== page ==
Using Laravel Forge to Setup an AWS Server
I recently had the need to show a demo of a quick Laravel site I’m creating for a client and wanted to use Forge to provision a server on AWS. I personally use Linode to host a few older Wordpress & CakePHP sites and other Laravel sites I’ve worked on have been maintained by other agencies & developers so wanting to learn something new I gave Forge a whirl.
Creating an account was super simple, I opted for the $10/month plan. Everything comes with a 5 day free trial so you can have a play for free. Next I connected my AWS account using a public & secret key pair. (best to create a new IAM user specifically for Forge so that it has it’s own keys — more info here — or quickly generate a new root key if you’re testing everything. But please go back and read up on IAM users when you’ve time as using the root keys is considered bad practice)
I also connected my Github & Bitbucket accounts, the demo I wanted to show was in a private Bitbucket account so I did that first but if you have projects on Github connect that too or whichever you use.
Creating a New Server
I went for the smallest & cheapest possible server which turns out to be a t2.micro. I figured that it should be enough to power the smallest of demo projects and as I was only testing I didn’t want to waste cash (as I’m tight!).
If in the future you wanted to beef up the server, the awesomeness of AWS will allow you to simply stop the instance in the console, change the instance type to a t2.small/medium/large for example, then start it back up to benefit from the bigger server.
For simplicity I didn’t want a load balancer, happy with the default install of PHP 7 and I un-ticked the option to install MariaDB as I’ll be using MySQL.
Once you hit create Forge will bound off to create the server in AWS, took around 5 min in total to do everything. You’ll get feedback on Forge and also if you poke around the AWS console you’ll see the instance being created along with the attached Elastic Block Store.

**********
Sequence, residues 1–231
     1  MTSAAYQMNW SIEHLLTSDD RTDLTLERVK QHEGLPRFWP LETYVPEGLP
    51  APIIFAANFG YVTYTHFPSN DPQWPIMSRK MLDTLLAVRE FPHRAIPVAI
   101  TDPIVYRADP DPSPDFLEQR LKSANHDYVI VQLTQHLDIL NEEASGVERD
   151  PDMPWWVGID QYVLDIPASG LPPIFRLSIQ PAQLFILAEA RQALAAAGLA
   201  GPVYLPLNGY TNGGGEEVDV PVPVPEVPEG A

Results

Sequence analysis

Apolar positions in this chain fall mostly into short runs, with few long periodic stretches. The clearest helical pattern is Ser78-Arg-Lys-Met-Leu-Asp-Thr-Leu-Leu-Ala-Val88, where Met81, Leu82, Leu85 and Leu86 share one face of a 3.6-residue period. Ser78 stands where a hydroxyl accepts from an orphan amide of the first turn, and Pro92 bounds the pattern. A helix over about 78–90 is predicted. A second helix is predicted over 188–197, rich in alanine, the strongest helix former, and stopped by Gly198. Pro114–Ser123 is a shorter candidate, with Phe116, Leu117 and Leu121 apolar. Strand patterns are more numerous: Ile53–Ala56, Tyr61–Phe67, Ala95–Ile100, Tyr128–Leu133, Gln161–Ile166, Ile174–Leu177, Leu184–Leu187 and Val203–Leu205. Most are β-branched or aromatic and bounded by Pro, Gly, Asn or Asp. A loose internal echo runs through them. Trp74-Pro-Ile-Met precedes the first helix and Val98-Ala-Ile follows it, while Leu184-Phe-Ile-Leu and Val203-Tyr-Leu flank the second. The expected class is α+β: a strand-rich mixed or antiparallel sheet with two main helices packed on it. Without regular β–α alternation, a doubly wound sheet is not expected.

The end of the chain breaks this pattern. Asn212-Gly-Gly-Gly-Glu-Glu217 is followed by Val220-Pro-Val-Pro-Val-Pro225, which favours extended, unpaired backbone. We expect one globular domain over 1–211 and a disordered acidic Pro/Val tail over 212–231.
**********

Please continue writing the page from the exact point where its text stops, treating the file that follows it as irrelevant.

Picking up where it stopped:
You’ll be given an IP address of the new server and if you visit it all being well you’ll see the output of phpinfo() on your shiny new server!
Setting up the Project
The new server comes with a default site, which is currently the phpinfo page. I simply replaced that with my Bitbucket project by editing the site and installing the repository. Enter in the repository name, which branch, I ticked “Install Composer Dependencies” and finally clicked install.
Here I hit my first snag in the server alerts section at the top of the page, I was getting a We were unable to install a project on your server error and looking into the details this cropped up when installing the dependencies via Composer:
HP Fatal error: Uncaught ErrorException: proc_open(): fork failed - Cannot allocate memory in phar:///usr/local/bin/composer/vendor/symfony/console/Application.php:954
Luckily it also gave a link to additional info:
As I had selected the cheapest server option it was running out of memory and Composer was failing. The server also didn’t have swap memory configured so when it ran out, it balked and fell over. In order to configure that you need to SSH into the AWS instance and do it manually. There’s a section in the FAQ on how to connect via SSH. Once done I ran the following commands to add the swap file:
/bin/dd if=/dev/zero of=/var/swap.1 bs=1M count=1024
To check that everything’s OK hit the Deploy Now button and you **should** have things working as expected. Double check by viewing the latest deploy log.
Next you need to edit the .env file (which currently doesn’t exist), click on the Environment tab then on Edit Environment button. It’ll be blank so copy the .env.example file contents from your local Laravel project and paste it in. I updated the APP_URL with the IP address of the EC2 instance and the database details that got emailed to me into DB_USERNAME, DB_PASSWORD & DB_DATABASE. Finally I had to generate a new APP_KEY by using the following artisan command when connected to the server via SSH:
php artisan key:generate
Under site details I enabled Quick Deploy so that when I committed a new change the site automatically gets updated on the EC2 server which is super handy. You can take a look at the deploy script via the Edit button and change it to suit your needs e.g. remove the migrate command or add something specific to your project. I left it as is.
I mainly wrote this as a guide for future me and if you’ve been following along hopefully you have everything setup & working. AWS imo has a really steep learning curve and Forge is a nice, easy way to get a server up & running quickly — which is exactly what it sets out to achieve.
MySQL is a hungry memory monster, you can help reduce it by changing things but instead I would disable it on the server all together and use AWS RDS which offers a cheap MySQL option with automated backups and multi-zone fallback right off the bat. I’ll probably quickly document how todo that in a follow up post. (Edit: I went ahead and did that here)